L. SPRAGUE de CAMP & FLETCHER PRATT – The Carnelian Cube. Lancer 73-662, paperback, 1967. Cover by Kelly Freas. Previously published by Gnome Press, hardcover, 1948.

   While on an archaeological expedition, Arthur Finch discovers a magical red cube of stone that gives its possessor the ability to dream himself into any world he pleases.

   Unfortunately, dream worlds do not always satisfy the wishes that produce them. A perfectly rational world stifles ambition and progress. A world where individuality is supreme is full of conflict, with cooperation nearly impossible. A world of scientists has no feeling for human life. But Finch dreams on, looking for his ideal world.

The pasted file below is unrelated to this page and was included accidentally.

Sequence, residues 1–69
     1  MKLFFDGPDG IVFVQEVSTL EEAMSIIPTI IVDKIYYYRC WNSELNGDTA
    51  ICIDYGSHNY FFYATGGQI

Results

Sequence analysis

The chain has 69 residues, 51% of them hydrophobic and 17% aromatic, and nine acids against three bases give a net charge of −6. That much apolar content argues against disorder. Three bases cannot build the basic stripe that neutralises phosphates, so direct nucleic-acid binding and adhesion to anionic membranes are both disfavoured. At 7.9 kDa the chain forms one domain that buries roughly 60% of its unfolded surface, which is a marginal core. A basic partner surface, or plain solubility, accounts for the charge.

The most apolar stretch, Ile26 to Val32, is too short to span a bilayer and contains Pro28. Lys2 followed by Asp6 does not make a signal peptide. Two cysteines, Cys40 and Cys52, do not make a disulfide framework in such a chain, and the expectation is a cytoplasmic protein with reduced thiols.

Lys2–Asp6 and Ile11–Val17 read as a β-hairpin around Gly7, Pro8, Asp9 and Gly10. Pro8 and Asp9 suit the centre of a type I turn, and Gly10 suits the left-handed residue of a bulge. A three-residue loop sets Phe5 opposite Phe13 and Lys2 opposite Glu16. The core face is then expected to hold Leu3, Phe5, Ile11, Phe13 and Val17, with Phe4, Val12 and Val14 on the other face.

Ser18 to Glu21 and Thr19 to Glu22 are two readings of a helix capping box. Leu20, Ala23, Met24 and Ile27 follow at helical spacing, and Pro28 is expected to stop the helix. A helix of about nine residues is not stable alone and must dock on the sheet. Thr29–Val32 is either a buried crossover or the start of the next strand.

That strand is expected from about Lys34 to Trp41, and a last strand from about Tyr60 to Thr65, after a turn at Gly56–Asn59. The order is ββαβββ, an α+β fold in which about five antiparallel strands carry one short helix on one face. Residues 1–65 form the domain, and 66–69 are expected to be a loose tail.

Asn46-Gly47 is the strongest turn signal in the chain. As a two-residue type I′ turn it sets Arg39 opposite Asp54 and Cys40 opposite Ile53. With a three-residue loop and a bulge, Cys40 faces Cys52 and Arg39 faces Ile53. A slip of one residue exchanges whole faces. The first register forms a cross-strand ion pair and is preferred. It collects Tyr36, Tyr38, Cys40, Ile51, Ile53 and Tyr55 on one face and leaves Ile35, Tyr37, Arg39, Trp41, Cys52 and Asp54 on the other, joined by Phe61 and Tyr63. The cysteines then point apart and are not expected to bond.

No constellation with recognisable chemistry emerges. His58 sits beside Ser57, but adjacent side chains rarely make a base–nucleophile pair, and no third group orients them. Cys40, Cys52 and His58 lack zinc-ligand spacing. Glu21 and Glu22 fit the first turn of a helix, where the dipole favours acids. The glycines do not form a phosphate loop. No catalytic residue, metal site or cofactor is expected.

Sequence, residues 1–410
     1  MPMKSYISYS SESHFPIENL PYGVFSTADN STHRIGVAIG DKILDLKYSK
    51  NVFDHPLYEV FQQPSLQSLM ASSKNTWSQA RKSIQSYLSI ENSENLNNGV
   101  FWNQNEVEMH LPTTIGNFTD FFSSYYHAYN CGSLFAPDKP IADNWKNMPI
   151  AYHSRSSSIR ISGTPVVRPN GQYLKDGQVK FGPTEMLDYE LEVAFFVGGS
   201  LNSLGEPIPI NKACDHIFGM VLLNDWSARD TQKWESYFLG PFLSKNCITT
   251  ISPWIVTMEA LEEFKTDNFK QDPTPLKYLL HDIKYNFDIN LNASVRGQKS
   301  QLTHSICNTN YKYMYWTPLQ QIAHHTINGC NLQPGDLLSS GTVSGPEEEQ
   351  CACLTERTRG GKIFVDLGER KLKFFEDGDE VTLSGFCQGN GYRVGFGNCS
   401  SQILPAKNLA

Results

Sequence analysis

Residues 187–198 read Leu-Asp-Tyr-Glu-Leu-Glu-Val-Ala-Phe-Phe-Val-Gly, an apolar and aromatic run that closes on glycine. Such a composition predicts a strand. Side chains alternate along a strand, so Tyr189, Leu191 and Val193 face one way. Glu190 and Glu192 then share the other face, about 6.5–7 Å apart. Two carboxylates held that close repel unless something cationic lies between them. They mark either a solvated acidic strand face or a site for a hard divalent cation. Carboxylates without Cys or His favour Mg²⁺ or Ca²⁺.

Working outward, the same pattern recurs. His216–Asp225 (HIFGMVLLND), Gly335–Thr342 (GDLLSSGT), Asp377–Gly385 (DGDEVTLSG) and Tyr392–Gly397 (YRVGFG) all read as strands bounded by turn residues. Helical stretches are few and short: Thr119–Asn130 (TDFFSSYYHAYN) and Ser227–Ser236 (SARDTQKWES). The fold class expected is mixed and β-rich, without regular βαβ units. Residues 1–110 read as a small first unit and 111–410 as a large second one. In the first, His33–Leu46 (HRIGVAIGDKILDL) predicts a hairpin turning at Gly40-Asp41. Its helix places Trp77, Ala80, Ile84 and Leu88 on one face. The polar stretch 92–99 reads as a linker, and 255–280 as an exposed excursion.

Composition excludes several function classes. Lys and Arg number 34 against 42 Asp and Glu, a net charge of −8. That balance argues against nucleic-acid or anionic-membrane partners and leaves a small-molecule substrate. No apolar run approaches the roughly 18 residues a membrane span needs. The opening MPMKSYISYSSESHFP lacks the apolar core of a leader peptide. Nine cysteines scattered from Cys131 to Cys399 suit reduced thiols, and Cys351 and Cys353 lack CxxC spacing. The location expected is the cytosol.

A disappointment. The wacky adventures promised merely struggle against dullness. As a vehicle for social commentary, this story creaks and sputters. Lots of ideas in satirical form, but interest lags. In fact, the only thing that maintains this series of adventures as a novel is the underlying prospect of finding a return to Finch’s original world.

   But even this is denied the reader. Lots of questions are never answered (is this typical of fantasy?), not the least of which is the possible physical existence of these dream worlds with histories which seem closely identical to our own. Collapse in real life must be inevitable, if not immediate. Such is the substance of dreams.

Rating: **

–September 1967